NTT INDYCAR SERIES driver Santino Ferrucci has just one hope for his debut Wednesday night in the prestigious Lucas Oil Chili Bowl Midget Nationals in Tulsa, Okla. He does not want to start on the pole for his first heat race.
“I want to start in the back, learn how to pass people and race my way up,” he told INDYCAR.com on Tuesday. “I won’t be too nervous if I can do it that way.”
Ferrucci spent Monday night watching the opening round of racing at Tulsa Expo Raceway, and he has asked plenty of questions of Chili Bowl veterans Justin Allgaier and Chase Briscoe, among other drivers. But there is no substitute for on-track experience, and Ferrucci has only turned five practice laps around the quarter-mile indoor dirt track.
The Chili Bowl, which is being held this week for the 34th time, is one of the great wonders of American motorsports. Some 360 drivers from 40 states and six countries are battling for positioning in Saturday’s final round. Each driver has been assigned one night of heat racing.
Competing from the INDYCAR ranks are Ferrucci, Conor Daly and James Davison, and only Daly has driven in the Chili Bowl before – he reached the 11th of 15 Saturday rounds last year. Daly and Davison are scheduled for heat races Friday night.
Ferrucci said he and Davison have been consuming everything they can so far. Keep in mind they have only experienced true short-track racing through one day of testing a 410 sprint car last month at Canyon Speedway, a dirt track in Peoria, Ariz.
“It’s always wild driving into the corner flat and then lifting as opposed to using the brake,” Ferrucci said. “This car (at this track) actually felt just as quick as the 410, and a lot of that is due to the track prep by (Tony Stewart and his staff).”
Ferrucci described how his car “moved around a lot” and required significant overcorrecting during his five practice laps. While he has watched a couple of Chili Bowl races on video, he knows it will be a different being in the car when the green flag waves. At a minimum, this will be nothing like he has experienced in his racing career.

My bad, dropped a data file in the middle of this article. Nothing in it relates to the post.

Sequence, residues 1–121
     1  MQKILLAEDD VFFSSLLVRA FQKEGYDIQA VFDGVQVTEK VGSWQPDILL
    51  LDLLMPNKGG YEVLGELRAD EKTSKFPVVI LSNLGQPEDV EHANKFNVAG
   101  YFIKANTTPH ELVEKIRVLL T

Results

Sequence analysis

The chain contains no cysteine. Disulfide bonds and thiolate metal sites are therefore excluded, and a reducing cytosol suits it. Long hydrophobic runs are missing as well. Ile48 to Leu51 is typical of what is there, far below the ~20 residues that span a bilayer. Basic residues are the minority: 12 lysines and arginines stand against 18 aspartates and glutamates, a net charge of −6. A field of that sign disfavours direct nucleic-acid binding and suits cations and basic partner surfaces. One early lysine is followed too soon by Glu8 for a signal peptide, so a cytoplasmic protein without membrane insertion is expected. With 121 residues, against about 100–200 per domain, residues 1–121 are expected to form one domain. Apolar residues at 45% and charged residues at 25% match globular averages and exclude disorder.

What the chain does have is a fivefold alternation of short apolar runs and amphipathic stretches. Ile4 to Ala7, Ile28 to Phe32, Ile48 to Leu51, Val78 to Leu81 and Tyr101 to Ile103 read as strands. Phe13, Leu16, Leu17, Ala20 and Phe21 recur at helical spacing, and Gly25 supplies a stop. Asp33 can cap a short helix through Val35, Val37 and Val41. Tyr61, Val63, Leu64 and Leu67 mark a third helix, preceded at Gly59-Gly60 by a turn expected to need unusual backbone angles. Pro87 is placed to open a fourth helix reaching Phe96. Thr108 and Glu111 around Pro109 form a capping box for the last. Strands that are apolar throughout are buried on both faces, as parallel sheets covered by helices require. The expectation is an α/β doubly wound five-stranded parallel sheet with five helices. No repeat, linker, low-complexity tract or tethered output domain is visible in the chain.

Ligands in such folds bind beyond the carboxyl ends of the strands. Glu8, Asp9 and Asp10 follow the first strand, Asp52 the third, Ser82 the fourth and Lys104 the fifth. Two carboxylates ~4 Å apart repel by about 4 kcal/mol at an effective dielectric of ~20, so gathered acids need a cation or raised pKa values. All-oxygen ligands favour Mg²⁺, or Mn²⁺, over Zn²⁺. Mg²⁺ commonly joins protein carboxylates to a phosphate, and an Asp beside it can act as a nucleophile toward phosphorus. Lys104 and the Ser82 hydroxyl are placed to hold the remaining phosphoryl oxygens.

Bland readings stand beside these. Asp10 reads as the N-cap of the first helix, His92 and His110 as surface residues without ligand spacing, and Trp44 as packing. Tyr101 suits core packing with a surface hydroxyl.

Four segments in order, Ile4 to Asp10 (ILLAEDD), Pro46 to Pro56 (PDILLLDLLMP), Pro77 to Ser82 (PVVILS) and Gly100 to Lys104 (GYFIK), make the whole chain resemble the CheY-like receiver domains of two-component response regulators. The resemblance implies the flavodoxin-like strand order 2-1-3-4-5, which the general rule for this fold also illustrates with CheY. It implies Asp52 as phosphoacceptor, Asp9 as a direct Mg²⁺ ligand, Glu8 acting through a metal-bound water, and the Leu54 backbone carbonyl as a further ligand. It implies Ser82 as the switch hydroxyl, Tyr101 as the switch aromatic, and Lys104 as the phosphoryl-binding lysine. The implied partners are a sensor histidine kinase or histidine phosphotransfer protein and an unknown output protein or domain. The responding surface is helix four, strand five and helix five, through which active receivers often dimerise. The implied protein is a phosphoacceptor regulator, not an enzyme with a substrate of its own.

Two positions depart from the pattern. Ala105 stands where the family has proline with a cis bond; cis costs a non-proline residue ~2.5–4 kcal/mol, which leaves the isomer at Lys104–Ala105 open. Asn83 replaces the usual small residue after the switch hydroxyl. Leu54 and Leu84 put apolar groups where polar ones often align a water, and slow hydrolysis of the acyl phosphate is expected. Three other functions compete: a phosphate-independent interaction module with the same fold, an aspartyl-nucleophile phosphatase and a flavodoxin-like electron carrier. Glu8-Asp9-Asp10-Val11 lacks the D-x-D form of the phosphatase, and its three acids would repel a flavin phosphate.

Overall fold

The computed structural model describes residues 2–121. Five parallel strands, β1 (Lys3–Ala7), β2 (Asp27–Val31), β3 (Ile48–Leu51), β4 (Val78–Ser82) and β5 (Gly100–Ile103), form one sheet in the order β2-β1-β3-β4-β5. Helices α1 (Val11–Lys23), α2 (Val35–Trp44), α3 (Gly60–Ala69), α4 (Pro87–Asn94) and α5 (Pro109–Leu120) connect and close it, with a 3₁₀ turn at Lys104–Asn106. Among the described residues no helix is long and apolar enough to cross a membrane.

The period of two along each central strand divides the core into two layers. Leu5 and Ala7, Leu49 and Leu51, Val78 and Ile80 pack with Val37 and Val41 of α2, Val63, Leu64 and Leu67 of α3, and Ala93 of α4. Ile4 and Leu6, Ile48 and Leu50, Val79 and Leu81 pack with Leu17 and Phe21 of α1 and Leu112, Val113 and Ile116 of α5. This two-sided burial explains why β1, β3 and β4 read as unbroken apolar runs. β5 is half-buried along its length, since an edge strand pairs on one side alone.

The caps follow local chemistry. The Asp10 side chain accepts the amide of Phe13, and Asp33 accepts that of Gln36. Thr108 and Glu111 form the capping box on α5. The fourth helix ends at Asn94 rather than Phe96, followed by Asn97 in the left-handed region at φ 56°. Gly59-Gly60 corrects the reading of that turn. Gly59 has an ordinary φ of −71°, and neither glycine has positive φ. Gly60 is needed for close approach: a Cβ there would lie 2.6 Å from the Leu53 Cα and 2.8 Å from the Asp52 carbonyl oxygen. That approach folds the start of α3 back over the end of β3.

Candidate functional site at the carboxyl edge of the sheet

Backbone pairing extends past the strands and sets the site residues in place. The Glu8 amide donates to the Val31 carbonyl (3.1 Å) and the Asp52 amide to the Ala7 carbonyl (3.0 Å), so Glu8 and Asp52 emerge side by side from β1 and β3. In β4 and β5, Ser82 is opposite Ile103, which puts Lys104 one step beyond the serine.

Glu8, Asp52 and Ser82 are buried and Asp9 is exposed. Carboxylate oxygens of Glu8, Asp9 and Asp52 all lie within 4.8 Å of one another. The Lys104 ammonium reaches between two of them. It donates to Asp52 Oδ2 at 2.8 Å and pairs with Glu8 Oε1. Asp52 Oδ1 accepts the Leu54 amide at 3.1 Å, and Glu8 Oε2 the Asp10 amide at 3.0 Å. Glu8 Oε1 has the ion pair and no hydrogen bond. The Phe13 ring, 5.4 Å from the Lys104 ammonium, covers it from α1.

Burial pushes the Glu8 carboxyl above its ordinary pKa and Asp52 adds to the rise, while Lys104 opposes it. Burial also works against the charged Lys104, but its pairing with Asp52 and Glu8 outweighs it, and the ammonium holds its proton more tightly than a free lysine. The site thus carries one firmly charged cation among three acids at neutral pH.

“It doesn’t really look like there are 360 cars here until you walk around and start counting them,” Ferrucci said. “It’s an incredible field, but everyone has been really helpful.”
Christopher Bell has won the past three Chili Bowls, and this field includes past champions Rico Abreu (2015-16), Kevin Swindell (2010-13), Sammy Swindell (1989, ’92, ’96, ’98, ’09), Damion Gardner (2008), Tim McCreadie (2006) and Cory Kruseman (2000, ’04).
NASCAR Cup drivers Ryan Newman, Kyle Larson, Ricky Stenhouse Jr. and Alex Bowman are also competing. Cannon McIntosh, 17, was Monday night's overall winner.
Ferrucci, Daly and Davison are driving with help from David Byrd, whose inspiration for supporting talented open-wheel drivers comes from his father, Jonathan, who helped Rich Vogler and Stan Fox compete years ago in the Indianapolis 500. Vogler won the inaugural Chili Bowl in 1987. David Byrd helped get Bryan Clauson to the 500 in 2015 and ’16, and he will again support Davison in this year's 500 along with a shot at NASCAR's Daytona 500. Davison is a five-time Indy starter.
Ferrucci said he has cautioned everyone, including himself, to manage expectations. This is, after all, his maiden attempt at midget race.
“I don’t really care how I do; I came here to have fun, stay clean and have a blast,” Ferrucci said. “I want to come back and do it again next year.”
Weeknight action at the Chili Bowl can be viewed online by pay-per-view at racingboys.com. Saturday’s final feature races will air on the MAVTV Motorsports Network. Results can be found at chilibowl.com.